Does Your Dachshund Have Back Trouble?
By Celia Carson
The short answer to what to do if your Dachshund has back trouble is to stop reading this and take him to your veterinarian. In severe cases, you literally only have a matter of hours to react, waiting can mean the difference between full recovery and your dog never regaining his mobility.
Hopefully you have already been to the vet and are now trying to understand what is happening to your beloved Dachshund. I am not a medical expert but after my personal experience I accumulated a significant amount of information.
The Dachshund's elongated body predisposes them to back issues. Another genetic component is the discs outer layer being thinner than normal and sometimes calcifying making it brittle. Discs are the cushions between the vertebrae in the spinal column. The medical name for this health issue is Intervertebral Disc Disease. It is possible for the herniation to occur in the neck area, but more frequent in the middle of the back where the chest and abdomen meet (where most stress is absorbed when jumping).
The spinal cord in dogs extends to the hips; in people it stops in the middle of the back (we have nerves that extend beyond that but not the actual spinal cord). This is why disc problems in dogs are dramatically more severe than in humans. A disc weakened by age or trauma can bulge (herniate) or rupture. Bulged discs protrude and can place pressure on the spinal cord causing severe pain, weakness or even paralysis. The effect on the spinal cord depends on the severity of pressure. Ruptured discs release the contents (a jelly like substance) into the spinal canal. A ruptured disc is the most severe; the disc contents traumatize the spinal cord and create a great deal of swelling. When this happens quickly reducing the swelling is imperative. The longer the spinal cord is deprived of oxygen and spinal fluid the less nerve function there is to return.
The exact cause of a disc bulging or rupturing is frequently unknown. It is rarely associated with a severe trauma, many believe it occurs by dogs jumping off furniture. While preventing your dog from jumping off furniture is difficult, every effort should be made to train them to wait to be picked up or to use a ramp. There is a wide array of ramps or steps available to assist the dog going up and down to beds, couches and other furniture. Traversing long stairs should also be avoided as well as play that involves twisting and jumping. When you carry your Dachshund keep his spine horizontal and use two hands to pick him up with one hand supporting his waist or rear legs. Keeping your Dachshund's weight down will also mitigate back issues, extra weight is a constant strain.
Symptoms include yelping when touched, arching their back, unsteady walking or paralysis of the rear legs. Sometimes the nerves to the bladder and colon are affected making it difficult for dogs to urinate and defecate on their own. A wobbly walk is a precursor to paralysis, if you see this symptom it is time to get to a specialist for evaluation.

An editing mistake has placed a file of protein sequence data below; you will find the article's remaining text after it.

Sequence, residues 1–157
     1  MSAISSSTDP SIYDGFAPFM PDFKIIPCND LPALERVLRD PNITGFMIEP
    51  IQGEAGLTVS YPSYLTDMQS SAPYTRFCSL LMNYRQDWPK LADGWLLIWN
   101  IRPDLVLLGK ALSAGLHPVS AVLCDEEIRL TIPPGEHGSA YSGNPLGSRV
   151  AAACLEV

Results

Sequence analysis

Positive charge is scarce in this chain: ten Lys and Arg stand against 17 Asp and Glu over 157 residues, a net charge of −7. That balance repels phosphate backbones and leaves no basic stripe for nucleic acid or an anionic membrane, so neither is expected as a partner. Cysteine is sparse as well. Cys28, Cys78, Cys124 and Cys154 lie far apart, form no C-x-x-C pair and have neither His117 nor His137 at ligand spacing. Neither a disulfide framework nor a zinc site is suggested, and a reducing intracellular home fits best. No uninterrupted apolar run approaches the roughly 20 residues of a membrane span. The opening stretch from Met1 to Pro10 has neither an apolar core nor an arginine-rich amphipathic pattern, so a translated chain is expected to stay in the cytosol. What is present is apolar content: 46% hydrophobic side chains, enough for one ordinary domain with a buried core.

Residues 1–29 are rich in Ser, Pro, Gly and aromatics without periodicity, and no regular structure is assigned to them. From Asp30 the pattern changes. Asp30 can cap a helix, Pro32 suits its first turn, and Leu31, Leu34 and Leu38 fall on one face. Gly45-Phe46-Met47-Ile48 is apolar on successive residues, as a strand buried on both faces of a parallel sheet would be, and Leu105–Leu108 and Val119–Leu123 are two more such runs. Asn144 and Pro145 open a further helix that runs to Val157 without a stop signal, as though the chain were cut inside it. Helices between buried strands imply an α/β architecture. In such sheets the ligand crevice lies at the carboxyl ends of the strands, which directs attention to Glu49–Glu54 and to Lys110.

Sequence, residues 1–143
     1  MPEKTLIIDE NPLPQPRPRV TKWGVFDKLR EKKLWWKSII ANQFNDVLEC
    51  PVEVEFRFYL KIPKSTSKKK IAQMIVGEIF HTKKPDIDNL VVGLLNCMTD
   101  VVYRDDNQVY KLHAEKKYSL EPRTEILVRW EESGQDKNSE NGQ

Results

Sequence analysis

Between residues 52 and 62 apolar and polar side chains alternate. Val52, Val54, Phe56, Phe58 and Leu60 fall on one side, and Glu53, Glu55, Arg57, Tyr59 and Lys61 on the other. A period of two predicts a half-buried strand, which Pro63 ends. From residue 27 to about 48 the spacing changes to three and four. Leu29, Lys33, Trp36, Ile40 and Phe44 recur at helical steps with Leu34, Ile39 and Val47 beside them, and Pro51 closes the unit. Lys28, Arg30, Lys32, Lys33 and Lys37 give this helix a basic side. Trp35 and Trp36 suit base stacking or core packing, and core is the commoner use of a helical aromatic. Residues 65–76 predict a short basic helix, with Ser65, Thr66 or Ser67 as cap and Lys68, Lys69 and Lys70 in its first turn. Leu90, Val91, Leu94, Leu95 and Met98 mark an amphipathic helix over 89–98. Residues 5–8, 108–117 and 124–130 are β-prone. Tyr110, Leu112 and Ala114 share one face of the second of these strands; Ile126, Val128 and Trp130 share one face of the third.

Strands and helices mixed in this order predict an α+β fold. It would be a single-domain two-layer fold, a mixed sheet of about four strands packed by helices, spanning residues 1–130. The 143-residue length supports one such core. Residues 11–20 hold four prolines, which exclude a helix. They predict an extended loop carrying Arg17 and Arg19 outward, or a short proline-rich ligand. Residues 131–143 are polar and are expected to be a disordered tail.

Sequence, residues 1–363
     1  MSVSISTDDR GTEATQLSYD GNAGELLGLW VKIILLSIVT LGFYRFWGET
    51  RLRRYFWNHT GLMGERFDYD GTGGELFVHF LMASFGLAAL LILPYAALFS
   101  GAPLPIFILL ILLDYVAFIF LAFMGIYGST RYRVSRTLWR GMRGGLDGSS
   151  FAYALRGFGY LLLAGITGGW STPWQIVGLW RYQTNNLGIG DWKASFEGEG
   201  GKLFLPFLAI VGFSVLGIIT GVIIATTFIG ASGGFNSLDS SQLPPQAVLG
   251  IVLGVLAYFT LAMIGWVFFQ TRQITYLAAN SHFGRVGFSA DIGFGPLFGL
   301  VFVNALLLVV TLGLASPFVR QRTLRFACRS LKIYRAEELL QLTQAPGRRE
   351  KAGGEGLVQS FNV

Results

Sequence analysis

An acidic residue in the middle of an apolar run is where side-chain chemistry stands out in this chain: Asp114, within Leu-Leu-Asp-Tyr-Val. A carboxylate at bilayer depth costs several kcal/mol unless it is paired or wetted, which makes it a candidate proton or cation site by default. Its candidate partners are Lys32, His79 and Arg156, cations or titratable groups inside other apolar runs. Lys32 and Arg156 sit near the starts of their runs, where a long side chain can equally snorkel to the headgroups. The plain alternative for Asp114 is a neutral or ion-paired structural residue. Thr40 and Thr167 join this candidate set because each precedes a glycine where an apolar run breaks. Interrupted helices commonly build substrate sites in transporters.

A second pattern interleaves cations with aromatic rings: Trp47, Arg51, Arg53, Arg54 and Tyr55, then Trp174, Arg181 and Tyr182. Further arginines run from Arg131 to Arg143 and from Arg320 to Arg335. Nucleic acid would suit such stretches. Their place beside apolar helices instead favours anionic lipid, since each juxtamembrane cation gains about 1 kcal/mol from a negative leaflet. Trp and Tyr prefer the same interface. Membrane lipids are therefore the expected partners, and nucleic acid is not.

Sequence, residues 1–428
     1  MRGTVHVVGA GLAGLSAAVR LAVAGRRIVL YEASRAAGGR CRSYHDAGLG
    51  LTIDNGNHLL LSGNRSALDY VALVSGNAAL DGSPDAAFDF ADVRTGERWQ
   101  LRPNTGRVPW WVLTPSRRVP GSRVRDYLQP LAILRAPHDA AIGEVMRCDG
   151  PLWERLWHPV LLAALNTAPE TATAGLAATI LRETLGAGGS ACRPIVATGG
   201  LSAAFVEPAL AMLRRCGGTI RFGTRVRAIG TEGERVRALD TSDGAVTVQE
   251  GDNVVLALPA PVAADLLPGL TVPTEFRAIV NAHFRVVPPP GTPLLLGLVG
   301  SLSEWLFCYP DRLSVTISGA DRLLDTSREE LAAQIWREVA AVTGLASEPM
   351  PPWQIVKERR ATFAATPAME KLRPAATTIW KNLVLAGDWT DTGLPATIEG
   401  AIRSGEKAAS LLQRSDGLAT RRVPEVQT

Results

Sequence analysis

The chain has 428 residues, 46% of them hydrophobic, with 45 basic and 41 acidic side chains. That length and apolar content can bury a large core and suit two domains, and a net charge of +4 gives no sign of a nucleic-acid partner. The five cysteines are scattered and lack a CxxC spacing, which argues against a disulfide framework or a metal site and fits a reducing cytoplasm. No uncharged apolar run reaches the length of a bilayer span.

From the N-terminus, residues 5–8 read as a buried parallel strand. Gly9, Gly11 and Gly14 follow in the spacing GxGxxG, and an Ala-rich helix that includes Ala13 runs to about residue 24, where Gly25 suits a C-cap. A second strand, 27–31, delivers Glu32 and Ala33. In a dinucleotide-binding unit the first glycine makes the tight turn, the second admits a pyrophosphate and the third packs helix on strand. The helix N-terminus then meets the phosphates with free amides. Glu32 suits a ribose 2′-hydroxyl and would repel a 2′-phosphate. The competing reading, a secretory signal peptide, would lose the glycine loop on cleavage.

Treatment almost always includes using an anti-inflammatory medicine. You'll hear the term "conservative treatment", this means a less radical approach or non surgical. Conservative treatments can include rest and medication, injections (Adequan is a medication said to promote healing of disc cartilage) and even chiropractic or acupuncture treatments. While surgery is expensive it can be highly effective if done within the first twenty-four hours of paralysis. After twenty-four hours the success rate drops, but with therapy and rest there is still hope.
Confinement is a critical component of treatment regardless of the approach. A small crate placed where the dog can see you and is easy to clean can be effective. Confinement usually last two to six weeks depending on the severity of the injury, your vet can advise what is appropriate for your dog. Continuing this vital treatment is important since the dog can easily reinjure him-self. The medication they receive makes them feel so much better that they want to resume their normal activities before they are completely healed.
Paralysis in Dachshunds is not a death sentence. Surgery and conservative treatments will often bring your dog back to 100 percent. There has also been some success with therapy in paraplegic Dachshunds. Gentle manipulation of the paralyzed limbs and water walking (where the water supports his rear end) and towel walking (a towel slung under his abdomen for support) have been cited in success stories. Some paraplegic dogs are fitted for carts and back to racing through the house in no time. Dog diapers are available for bowel and bladder issues, I've even seen them in hot pink with lime green polka dots.
There is no universally correct treatment for all Dachshunds with back trouble. This is a choice that you and your vet need to make after evaluation of his symptoms, your dog's overall health and age, and the length of time since injury. Unfortunately, like in human medical issues, your finances will also play a role. If you feel it is time to see a specialist look for one specializing in neurology and surgery with experience with Dachshunds.
Source: Celia Carson is the webmaster of HeyShorty.com. Her website provides a journal and dog advice from the perspective of her miniature Dachshund. While quirky the site has valuable insight to Dachshund ownership, training and care.
Paradise Pets Magazine